Common Scams to Watch Out For

Resources for Reporting Fraud

Your investment approach should change as you grow older to fit your changing needs. If you are an older Iowan in retirement, you also are a prime target for con artists because you have built up a lifetime’s worth of savings.

Be wary of con artists who will take advantage of this period of change in your finances or changes in the financial markets. During times of uncertainty and change, investment scammers come out in force.

Iowans need to take the time to double-check investment offers with the Iowa Insurance Division to verify whether the adviser is licensed and the offer is legitimate.

Martha-Jo Ennis, a retired schoolteacher from Marion, Iowa, said she never understood how anyone could fall for an investment scheme until it happened to her — and she lost her retirement savings and an inheritance from the sale of her farm to a Ponzi scheme.

One call to the Iowa Insurance Division would have let Ms. Ennis know the licensed investment adviser was under review and was later convicted and sentenced for security fraud.

Always double-check before you make an investment and report any suspected investment or insurance fraud to the Iowa Insurance Division to help friends and neighbors from becoming victims.

As an Iowa Fraud Fighter, you have pledged to be an informed protector of your savings. Being aware of the investment scams to watch out for will help you outsmart the scammers and shield your savings. Here are a few of the most common investment scams circulating in Iowa.

Affinity fraud targets identified groups such as religious or ethnic communities. Affinity fraud is a common investment scam to watch out for. Scammers begin by targeting a leader or respected member and using that member’s influence to attract more investors in a pyramid-type scheme.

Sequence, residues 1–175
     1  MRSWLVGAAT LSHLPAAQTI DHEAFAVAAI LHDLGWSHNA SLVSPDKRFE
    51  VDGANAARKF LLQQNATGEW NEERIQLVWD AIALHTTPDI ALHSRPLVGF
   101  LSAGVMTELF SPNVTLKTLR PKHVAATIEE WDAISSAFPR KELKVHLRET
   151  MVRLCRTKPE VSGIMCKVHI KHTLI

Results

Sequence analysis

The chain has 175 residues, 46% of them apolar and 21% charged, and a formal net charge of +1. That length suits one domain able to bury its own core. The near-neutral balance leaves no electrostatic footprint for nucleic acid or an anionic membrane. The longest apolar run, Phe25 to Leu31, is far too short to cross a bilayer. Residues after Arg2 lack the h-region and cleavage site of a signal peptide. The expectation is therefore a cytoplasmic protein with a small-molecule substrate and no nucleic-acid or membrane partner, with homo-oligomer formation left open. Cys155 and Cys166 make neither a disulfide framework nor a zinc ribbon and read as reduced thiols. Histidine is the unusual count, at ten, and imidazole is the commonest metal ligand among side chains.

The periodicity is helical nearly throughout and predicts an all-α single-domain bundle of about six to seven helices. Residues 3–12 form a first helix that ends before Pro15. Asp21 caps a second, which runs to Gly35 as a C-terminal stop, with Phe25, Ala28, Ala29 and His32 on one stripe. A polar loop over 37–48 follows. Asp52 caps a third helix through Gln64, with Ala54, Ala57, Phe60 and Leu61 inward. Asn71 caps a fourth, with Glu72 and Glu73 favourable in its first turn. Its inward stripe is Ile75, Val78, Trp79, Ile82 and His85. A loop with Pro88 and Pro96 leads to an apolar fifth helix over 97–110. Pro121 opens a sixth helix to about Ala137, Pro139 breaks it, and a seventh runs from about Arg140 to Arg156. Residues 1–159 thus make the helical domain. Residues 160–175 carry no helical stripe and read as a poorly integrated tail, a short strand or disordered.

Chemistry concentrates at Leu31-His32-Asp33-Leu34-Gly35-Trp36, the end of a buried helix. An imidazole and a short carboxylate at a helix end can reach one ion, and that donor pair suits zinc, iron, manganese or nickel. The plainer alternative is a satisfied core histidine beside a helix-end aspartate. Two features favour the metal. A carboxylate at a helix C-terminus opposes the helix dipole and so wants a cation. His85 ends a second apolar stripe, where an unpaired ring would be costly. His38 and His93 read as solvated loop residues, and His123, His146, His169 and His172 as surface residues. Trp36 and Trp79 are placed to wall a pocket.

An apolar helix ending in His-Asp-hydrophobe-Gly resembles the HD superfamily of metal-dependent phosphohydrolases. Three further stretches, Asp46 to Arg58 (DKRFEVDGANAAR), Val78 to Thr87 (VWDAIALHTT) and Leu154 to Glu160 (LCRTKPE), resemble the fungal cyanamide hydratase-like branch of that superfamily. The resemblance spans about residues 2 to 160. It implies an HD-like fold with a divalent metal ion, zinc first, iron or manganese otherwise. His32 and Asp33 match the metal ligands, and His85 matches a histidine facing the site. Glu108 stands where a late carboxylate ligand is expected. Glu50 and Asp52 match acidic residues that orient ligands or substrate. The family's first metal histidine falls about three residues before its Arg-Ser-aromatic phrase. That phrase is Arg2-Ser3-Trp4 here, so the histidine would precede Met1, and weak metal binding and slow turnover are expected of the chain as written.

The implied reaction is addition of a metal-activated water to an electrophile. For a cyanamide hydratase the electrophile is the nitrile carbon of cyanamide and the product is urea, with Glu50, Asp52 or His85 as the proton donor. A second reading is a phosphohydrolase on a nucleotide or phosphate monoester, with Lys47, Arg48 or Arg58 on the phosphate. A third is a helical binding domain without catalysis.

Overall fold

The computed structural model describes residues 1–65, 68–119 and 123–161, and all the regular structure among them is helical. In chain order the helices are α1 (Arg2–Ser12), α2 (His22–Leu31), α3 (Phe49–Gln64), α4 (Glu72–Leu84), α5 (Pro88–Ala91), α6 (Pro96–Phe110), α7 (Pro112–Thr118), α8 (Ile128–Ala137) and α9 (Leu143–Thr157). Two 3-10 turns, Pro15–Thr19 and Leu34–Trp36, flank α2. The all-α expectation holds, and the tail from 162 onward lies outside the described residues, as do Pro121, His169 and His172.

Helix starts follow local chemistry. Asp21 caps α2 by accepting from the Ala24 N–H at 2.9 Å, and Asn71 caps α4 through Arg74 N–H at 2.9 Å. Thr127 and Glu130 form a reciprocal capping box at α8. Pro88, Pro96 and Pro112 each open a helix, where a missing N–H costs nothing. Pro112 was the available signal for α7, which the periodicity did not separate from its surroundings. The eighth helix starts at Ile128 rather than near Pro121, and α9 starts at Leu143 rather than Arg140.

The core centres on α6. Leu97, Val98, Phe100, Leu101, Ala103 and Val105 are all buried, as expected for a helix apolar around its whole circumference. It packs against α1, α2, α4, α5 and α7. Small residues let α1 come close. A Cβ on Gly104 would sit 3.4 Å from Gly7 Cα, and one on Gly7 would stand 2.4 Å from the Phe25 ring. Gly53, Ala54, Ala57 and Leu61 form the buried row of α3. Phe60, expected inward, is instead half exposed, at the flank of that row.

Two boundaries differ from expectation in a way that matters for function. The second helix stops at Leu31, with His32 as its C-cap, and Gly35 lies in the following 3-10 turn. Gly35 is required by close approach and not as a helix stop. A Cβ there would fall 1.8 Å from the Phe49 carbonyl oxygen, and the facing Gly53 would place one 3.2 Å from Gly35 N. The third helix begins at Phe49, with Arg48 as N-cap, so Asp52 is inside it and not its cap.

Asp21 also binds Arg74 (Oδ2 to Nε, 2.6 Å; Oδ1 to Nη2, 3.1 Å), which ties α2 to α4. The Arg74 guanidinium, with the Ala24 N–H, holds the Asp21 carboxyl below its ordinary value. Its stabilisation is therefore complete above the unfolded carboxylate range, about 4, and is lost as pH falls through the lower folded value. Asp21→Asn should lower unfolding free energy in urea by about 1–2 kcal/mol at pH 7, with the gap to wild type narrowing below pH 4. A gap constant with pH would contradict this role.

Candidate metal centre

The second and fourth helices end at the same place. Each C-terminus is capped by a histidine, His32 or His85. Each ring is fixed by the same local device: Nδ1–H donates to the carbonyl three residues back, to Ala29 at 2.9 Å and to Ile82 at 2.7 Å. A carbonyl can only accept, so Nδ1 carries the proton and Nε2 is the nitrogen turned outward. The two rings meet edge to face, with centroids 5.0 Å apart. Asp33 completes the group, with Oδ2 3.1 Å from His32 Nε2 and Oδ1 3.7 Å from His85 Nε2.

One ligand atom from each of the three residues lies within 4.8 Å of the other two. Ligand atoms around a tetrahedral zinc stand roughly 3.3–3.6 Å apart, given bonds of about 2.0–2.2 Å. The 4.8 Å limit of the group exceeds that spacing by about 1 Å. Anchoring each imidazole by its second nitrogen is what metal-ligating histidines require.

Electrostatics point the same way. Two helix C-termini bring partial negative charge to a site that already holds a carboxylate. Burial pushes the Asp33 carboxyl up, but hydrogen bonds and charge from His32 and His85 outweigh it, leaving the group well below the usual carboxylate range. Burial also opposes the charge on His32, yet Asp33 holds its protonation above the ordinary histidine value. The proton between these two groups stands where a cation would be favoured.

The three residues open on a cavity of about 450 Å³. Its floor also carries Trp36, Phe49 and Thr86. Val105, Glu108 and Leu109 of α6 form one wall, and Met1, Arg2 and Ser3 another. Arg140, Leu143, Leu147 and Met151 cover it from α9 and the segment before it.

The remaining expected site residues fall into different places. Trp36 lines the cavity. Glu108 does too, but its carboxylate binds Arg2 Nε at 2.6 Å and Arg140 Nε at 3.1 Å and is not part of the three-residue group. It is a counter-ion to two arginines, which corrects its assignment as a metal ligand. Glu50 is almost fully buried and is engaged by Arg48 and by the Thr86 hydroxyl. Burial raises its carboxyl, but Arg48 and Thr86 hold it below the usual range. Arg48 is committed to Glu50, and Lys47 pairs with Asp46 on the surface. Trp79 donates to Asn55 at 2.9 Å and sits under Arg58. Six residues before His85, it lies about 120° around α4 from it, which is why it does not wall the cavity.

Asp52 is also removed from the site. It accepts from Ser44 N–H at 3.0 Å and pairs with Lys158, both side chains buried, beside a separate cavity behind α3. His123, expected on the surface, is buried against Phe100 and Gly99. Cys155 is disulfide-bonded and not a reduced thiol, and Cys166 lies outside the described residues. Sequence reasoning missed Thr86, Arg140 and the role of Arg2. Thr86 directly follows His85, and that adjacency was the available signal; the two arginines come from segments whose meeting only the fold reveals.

The seminars are often advertised in local newspapers, on websites or through mass-mailed invitations or emails. Many of these seminars are used to sell investment products at the seminar or through later communications. Be wary if guilt, fear or high-pressure tactics are used to try to sell products.

These are always risky investments. It may be a scam if the seller wants you to invest in gold mining or to purchase gold or other precious metals, which will be delivered to a secured facility. Be sure the company is genuine and ensure the gold or precious metal you purchase does exist.

These products are peddled by scammers claiming to have access to the world’s leading financial institutions or banks. The scammers promise high returns at little or no risk to you by enrolling you in an elite or secret investment venture, often called a prime bank investment.

These ventures are always high risk and should be researched carefully to avoid scams, especially those claiming a specific well is guaranteed to produce high returns or have attractive tax advantages.

These schemes promise high returns, often “guaranteed” for investors, but collapse when new investors can’t be found. Scammers use funds from new investors to pay off the initial investors. Each group of new investors is used to pay off an earlier, smaller group of investors, while the majority of the money disappears into the scammer’s pocket at the top of the pyramid.

Also called Regulation D, Rule 506 offerings, these can be used by small companies to raise funds. These offerings are unregulated and are often risky investments or scams.

These notes are used by companies to raise money by selling debt, typically paying a high interest rate, to an investor. Con artists often sell promissory notes for companies that do not exist, so always check that a company is legitimate before purchasing these.

Fraud often occurs when a scammer misrepresents the responsibilities of self-directed IRA custodians by falsely suggesting that your investment is protected or that your self-directed IRA custodian will investigate the investment offer for you.

Arm Yourself with Knowledge of Common Scams

Learn how to avoid and report fraud.

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